This paper presents a description and analysis of the tonal system of Moro, a Kordofanian language of Sudan, showing that the distribution of H(igh) tone is sensitive to a number of morphological and prosodic factors. First, we demonstrate that the distribution of H on nouns is sensitive to the OCP, both within roots and with affixes. Nouns also exhibit lexical distinctions between forms that exhibit unbounded rightward spreading of H and those that show no spreading. We model this distinction using cophonologies. While the distribution of H on Moro verb stems bears some similarities to nouns, crucial differences emerge. Rightward H tone spreading is binary on verbs, and sensitive to the weight of the syllable in terms of both the presence of an onset and a coda. We model this effect as H tone spreading within a binary foot. Furthermore, unlike nouns, underlying representations play little role in the distribution of H on verb roots. H tone is predictably distributed within a morphological category, the derived stem (D-stem), similar to a constituent recognized in Bantu languages (e.g. Downing 2000). Finally, we analyze competition between H associated with the D-stem and H associated with affixes. This H tone competition is an OCP-driven effect occurring within the macrostem.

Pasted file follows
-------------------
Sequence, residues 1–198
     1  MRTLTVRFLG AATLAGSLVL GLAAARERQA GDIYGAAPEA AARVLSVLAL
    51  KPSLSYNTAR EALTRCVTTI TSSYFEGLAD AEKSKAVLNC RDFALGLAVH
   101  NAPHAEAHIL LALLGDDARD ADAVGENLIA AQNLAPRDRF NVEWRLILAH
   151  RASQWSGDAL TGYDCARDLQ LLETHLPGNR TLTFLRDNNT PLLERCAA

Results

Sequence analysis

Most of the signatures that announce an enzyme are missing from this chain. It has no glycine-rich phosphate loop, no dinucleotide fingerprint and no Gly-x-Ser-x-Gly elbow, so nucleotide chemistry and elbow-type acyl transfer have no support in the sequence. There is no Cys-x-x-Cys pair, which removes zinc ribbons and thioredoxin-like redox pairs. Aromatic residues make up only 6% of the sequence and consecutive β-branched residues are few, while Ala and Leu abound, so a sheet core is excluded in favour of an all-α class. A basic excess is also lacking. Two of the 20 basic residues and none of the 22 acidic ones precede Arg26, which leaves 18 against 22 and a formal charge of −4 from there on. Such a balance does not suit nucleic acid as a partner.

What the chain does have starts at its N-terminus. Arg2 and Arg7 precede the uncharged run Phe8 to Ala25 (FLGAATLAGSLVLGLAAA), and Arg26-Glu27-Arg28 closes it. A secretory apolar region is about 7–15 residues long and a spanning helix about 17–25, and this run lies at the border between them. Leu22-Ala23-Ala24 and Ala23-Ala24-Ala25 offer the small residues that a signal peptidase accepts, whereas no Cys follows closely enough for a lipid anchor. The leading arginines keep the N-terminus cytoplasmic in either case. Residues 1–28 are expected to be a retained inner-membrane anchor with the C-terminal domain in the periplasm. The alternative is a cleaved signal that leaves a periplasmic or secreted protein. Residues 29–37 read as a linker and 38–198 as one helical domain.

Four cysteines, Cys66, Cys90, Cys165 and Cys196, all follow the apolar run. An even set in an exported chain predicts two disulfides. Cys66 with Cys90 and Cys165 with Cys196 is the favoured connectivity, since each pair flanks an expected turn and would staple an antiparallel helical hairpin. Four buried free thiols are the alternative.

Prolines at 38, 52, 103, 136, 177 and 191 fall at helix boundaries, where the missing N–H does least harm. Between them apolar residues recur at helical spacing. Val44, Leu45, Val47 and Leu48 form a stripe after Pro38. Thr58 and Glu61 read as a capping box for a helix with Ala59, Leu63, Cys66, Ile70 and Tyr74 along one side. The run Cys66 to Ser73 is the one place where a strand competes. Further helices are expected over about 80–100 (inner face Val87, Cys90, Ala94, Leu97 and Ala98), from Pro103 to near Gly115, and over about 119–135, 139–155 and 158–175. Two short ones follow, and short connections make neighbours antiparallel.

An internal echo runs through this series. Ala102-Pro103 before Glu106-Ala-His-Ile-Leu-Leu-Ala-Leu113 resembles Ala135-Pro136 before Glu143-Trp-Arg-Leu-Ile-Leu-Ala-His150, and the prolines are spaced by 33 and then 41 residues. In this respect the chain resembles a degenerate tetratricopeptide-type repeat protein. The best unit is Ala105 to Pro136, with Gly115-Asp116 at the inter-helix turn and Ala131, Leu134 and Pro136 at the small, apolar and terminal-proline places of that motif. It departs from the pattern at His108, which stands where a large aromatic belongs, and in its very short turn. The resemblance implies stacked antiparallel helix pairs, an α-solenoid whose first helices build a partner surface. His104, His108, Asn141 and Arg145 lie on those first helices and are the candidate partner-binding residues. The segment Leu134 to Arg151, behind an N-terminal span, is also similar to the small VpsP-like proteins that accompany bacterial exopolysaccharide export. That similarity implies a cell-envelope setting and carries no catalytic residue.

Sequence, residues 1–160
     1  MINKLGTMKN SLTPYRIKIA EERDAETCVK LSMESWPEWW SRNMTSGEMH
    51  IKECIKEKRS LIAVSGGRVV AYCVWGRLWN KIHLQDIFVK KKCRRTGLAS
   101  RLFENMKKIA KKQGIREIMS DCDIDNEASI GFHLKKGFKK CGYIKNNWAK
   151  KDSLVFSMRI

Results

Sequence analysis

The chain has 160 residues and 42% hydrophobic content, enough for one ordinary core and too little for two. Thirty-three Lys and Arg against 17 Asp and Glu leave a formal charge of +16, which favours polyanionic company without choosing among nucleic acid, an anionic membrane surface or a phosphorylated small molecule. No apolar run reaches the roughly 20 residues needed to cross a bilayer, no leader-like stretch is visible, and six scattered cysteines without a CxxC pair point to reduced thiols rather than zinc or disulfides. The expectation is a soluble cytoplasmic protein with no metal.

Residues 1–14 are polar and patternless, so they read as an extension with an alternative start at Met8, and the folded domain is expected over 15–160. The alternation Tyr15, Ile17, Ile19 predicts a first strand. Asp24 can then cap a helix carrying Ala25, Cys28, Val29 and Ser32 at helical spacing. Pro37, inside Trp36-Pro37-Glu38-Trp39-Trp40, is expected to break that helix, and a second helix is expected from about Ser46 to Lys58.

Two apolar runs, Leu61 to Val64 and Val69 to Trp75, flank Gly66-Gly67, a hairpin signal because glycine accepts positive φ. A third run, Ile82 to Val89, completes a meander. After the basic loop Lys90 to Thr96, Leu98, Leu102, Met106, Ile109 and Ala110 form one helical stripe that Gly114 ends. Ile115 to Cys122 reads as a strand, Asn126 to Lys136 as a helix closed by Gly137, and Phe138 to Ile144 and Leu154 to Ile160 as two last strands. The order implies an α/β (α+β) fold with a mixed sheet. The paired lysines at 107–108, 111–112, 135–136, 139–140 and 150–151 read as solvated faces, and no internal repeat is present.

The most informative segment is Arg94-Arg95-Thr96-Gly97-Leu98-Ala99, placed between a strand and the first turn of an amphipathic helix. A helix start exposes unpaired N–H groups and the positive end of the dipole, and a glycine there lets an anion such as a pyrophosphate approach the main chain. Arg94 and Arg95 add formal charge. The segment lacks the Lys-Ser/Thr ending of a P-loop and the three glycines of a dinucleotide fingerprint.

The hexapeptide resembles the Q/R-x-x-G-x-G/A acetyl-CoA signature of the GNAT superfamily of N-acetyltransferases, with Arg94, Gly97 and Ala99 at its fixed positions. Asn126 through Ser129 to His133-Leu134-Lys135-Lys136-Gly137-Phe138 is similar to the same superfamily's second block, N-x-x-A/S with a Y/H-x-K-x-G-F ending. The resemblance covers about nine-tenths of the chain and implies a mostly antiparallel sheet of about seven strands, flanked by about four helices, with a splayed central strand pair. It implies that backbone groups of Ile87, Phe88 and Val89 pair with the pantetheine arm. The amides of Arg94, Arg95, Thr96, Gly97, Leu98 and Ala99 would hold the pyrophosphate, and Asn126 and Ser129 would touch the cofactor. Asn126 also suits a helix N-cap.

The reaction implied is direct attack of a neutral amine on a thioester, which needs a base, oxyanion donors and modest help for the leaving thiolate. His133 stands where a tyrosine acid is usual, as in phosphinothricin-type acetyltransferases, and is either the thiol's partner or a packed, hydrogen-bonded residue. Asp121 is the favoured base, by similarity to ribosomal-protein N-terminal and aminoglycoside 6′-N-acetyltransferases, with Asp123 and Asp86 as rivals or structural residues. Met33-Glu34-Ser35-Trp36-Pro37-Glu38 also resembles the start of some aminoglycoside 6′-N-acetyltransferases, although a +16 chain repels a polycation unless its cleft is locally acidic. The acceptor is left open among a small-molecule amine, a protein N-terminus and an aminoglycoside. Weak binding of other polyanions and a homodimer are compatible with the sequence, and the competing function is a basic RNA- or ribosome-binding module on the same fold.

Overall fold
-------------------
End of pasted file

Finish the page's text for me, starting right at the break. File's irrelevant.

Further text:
Alderete, John D., and Stefan A. Frisch. 2007. Dissimilation in grammar and the lexicon. In The Cambridge handbook of phonology, ed. Paul de Lacy, 379–398. Cambridge: Cambridge University Press.
Anttila, Arto. 2002. Morphologically conditioned phonological alternations. Natural Language & Linguistic Theory 20: 1–42.
Anttila, Arto. 2009. Derived environment effects in colloquial Helsinki Finnish. In The nature of the word: Essays in honor of Paul Kiparsky, eds. Kristin Hanson and Sharon Inkelas, 433–460. Cambridge: MIT Press.